While I was off searching, Susan had gone to the top deck and gotten lunch started. By the time I got back there was a Bloody Mary waiting for me. The food was very good, we were both very pleased.

Back in our cabin our checked items had been delivered. We did the last part of our unpacking and took our first nap of the cruise. We are in the aft part of the boat, so we can feel the engine vibrations, Susan said they were like the magic fingers beds. Needless to say we both slept very well.

I was startled awake by the announcement system going off, it was time for our safety drill of the cruise. Soon the lucky people of life raft 17 were assembled and accounted for. After a brief lecture we were released.

Our boat the Nieuw Amsterdam is pretty new, launched in 2010. So she has bow thrusters that easily pushed us off the dock. The channel from the Everglades Cruise Dock out to the ocean is pretty narrow and the Coast Guard was busy keeping boats out of our path. There was not a lot of clearance on either side and we watched boats get bounced around pretty good in the wake.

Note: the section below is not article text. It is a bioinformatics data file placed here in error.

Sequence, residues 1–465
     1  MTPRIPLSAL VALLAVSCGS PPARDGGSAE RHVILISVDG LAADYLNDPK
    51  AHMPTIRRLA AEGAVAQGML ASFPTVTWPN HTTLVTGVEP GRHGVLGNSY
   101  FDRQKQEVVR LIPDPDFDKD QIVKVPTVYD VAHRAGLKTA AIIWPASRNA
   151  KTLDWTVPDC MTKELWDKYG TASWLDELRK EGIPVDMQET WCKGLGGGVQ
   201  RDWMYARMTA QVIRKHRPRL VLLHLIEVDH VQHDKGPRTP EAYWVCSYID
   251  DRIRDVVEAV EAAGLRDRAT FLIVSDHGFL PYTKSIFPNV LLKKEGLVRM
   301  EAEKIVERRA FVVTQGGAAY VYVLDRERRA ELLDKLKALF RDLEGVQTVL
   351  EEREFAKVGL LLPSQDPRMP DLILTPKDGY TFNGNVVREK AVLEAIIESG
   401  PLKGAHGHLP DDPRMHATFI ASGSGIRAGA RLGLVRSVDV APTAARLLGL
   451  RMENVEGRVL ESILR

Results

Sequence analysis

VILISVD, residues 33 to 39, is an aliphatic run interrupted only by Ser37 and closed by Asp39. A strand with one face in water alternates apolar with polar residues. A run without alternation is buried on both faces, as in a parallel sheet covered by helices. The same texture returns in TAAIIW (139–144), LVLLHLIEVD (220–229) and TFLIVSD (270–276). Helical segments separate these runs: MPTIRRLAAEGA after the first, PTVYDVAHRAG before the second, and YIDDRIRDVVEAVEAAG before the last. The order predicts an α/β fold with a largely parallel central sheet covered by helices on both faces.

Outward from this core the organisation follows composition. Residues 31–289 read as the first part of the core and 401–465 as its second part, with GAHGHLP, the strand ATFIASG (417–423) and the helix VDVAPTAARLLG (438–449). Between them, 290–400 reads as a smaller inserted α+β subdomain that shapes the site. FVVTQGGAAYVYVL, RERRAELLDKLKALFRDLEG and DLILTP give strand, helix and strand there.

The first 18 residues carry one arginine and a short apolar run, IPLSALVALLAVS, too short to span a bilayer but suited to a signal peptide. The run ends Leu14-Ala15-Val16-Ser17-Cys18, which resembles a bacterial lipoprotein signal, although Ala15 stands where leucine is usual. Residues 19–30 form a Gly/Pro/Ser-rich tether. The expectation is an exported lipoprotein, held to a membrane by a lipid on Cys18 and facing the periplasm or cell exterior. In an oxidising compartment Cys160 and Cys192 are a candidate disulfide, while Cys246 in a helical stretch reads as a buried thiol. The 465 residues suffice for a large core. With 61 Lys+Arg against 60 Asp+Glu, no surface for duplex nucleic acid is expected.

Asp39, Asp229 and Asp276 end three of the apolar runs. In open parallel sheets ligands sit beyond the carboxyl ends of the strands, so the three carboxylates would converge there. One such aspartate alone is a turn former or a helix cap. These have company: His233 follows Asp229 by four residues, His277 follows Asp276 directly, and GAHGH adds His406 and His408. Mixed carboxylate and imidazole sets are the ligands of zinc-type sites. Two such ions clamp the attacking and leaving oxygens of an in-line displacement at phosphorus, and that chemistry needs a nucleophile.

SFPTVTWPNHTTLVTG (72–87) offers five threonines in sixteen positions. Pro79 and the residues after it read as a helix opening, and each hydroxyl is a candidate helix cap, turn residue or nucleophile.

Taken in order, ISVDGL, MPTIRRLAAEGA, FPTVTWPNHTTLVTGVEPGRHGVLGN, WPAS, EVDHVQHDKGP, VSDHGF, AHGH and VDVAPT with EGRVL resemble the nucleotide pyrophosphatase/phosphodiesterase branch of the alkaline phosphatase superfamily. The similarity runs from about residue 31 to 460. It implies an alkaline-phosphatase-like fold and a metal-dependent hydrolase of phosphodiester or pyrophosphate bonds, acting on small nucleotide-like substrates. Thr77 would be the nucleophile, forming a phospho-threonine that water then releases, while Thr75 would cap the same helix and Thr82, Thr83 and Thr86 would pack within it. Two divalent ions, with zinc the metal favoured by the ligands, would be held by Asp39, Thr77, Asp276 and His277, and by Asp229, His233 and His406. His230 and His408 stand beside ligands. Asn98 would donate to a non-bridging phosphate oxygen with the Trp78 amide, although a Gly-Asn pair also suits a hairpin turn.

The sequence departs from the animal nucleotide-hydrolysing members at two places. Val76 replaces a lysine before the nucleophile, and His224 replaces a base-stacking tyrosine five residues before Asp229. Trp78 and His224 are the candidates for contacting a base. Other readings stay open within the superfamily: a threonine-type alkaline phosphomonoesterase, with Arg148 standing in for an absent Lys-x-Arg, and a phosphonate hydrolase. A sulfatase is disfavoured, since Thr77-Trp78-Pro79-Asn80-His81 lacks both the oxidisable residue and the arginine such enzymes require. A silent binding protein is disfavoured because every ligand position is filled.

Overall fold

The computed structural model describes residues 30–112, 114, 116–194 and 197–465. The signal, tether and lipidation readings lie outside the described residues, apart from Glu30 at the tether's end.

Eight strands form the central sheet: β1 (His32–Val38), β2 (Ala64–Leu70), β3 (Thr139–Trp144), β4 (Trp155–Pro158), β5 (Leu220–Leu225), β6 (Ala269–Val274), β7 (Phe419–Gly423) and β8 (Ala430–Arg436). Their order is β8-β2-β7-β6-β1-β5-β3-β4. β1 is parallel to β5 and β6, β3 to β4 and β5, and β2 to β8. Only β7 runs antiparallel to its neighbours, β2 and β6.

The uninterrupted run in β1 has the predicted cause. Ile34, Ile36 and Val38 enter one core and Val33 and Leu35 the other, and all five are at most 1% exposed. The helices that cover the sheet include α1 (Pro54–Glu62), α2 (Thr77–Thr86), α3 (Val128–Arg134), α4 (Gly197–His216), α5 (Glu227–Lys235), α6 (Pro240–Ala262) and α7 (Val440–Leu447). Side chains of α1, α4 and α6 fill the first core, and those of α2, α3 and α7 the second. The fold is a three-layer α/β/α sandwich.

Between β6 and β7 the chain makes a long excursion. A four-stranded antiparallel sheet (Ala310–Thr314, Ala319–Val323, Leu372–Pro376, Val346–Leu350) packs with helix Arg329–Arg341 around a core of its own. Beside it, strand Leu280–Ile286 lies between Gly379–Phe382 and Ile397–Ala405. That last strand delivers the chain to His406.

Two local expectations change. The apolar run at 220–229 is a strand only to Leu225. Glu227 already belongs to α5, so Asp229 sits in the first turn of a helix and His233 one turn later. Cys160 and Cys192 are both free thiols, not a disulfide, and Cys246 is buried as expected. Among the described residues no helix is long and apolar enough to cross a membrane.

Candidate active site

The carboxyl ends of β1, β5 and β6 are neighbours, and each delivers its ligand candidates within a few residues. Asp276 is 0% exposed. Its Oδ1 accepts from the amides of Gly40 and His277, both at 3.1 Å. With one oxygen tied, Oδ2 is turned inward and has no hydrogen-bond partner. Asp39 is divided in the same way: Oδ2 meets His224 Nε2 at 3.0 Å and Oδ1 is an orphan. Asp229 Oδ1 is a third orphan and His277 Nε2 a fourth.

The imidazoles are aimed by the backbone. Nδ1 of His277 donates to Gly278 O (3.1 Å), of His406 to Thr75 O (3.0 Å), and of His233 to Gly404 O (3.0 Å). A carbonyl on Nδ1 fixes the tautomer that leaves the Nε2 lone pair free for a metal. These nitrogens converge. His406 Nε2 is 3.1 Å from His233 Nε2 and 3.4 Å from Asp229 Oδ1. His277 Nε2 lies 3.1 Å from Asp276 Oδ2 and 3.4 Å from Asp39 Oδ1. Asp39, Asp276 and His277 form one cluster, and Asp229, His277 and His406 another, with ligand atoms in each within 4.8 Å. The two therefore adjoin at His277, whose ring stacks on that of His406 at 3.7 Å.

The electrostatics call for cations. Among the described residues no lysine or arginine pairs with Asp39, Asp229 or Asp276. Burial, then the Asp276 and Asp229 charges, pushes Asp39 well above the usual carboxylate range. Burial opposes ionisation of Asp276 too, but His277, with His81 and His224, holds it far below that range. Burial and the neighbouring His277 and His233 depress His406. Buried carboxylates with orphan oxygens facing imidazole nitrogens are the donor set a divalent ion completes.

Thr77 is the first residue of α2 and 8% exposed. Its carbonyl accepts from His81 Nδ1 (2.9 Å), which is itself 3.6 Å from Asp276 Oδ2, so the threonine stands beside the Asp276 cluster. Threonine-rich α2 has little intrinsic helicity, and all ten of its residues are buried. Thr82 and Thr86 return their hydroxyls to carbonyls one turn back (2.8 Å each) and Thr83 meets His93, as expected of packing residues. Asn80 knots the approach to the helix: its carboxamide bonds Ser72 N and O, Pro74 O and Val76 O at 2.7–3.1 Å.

We were soon out of the channel and turning north. North?, hey that’s the wrong way, we should be going South. There is a large mooring / anchoring area ahead and we move along side. The Captain announces that there has been a medical emergency and we may be heading back to port to let the person off the boat.